Just a quick temperature taking of my social media portals confirmed what I suspected would happen when the Oxygen Network’s new reality show, Preachers of LA made its debut: there would be some very strong opinions about this show. You cannot have a reality show about Black male preachers with a Pentecostal feel and flair without also triggering a flurry of comments ranging from “I am too dignified to watch it” to “they are corrupting the Gospel message and shaming the church” and everything in between. I knew there would be some who would be quick to pull out the game board and pieces for the very popular game some Black believers play called “I’m a Better Christian Than You.”
I think the root of the backlash, and what is already tap dancing on some nerves even though only one episode has aired so far, is that the show provides a scripted glimpse into an area of Black worship that involves Black men, wealth, the Black church, wealth, ego, wealth, sex, wealth, consumerism, wealth, preaching, wealth…well, you get the point.
Any one of the above would be fodder for the cultural think tank that is Black barbershops and beauty shops, but in Preachers of LA there is also the issue of the Black church to contend with. This is why this show is problematic for some—Preachers of L.A. breaks the code, that code being the unwritten rule that many Black believers have with the Black church—that the church is to be shielded from taint at all costs. Many Black believers have an “understanding” that certain things about the church are just not up for discussion. Topics like the humanity of the men (and women) who lead our churches, the Black male/female ego in all of its delicate splendor, and the levels of sexual activity in the church can’t get a hearing because it is far easier to settle into the familiar terrain of respectability politics than it is to give any of these issues the discussion they deserve.
But we do need to talk about them. And Bishop Noel Jones, one of the preachers featured on the show, highlighted two important issues worthy of our attention, and that is the deifying of Black male pastors, and the level of sexual entitlement among some of them. Bishop Noel Jones touched upon this in an interview with syndicated radio host Sybil Wilkes of The Tom Joyner Morning Show. Wilkes queried the bishop about why he would allow cameras to film his frailties. She said, “showing the men of God as just regular guys is disturbing.” When Jones responded with, “I have always wanted to reduce the iconopathic proclivities that church people have towards their leaders. The problem is you put men on pedestals they can’t live on and at the end of the day we turn around and slaughter them, when nobody is perfect but Jesus Christ,” Wilkes retorted with “A lot of people think the preacher is God.”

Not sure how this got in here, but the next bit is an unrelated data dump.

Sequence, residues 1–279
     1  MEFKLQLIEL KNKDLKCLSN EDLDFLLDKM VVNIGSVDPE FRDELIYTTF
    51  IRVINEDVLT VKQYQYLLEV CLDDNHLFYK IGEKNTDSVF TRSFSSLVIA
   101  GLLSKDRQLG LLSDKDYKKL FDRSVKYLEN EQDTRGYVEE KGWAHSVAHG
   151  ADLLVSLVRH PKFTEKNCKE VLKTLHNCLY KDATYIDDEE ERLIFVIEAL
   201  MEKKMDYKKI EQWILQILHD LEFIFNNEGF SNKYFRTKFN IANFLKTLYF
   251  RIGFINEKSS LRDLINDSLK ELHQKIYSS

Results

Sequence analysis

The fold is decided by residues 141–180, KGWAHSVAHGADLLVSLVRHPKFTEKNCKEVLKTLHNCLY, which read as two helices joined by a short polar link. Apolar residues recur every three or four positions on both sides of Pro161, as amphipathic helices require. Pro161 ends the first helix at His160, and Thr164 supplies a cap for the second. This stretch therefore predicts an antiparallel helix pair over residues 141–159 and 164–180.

And that right there friends, is a bigger problem than Minister Deitrick Haddon having a child with one woman in the midst of divorcing another, than Bishop Clarence McClendon probably unintentionally revealing that he might need to brush up on Dale Carnegie’s How to Win Friends and Influence People after a heated exchange with Haddon, or than Bishop Ron Gibson having an enormous garage filled with so many expensive cars you’d think you were watching a Fast and the Furious movie.
The equating of the man/woman of God with God is problematic on many levels because ministry is not a monarchy…ministry is service to God and to others. Bishop Jones is right on point about that…but his segment on the show also introduced another topic worthy of discussion, and that is the matter of dating and the Black pastor. The first thing we learn about Bishop Noel Jones is that he has a female “friend.” Jones goes out of his way to tell us they are just good friends, but their body language suggests something a bit more than that is going on. Jones discussed how difficult it is to be on the road, lonely, and women are always coming up to you with numbers, pictures, emails…well, you know where I am going with this.
I do not have a problem with a single preacher dating. But the way the Jones segment was produced gave the impression that with all these women chasing after him, how could he possibly be expected to settle down with just one? That smacked of entitlement to me…as though somehow, because he is pursued (and yes, there are some women who will aggressively pursue men of the cloth) he is excused from exercising temperance. Watching the film of women with blurred faces looking like fans trying to get an autograph just reminded me once again that there needs to be some discourse about sex in the church. Is sex before marriage a sin? Can a sexually active preacher preach that? And how do we endorse safer sex practices if we’re not owning up to the sex we’re having, whether we believe it to be sinful or not?
To be Continued........
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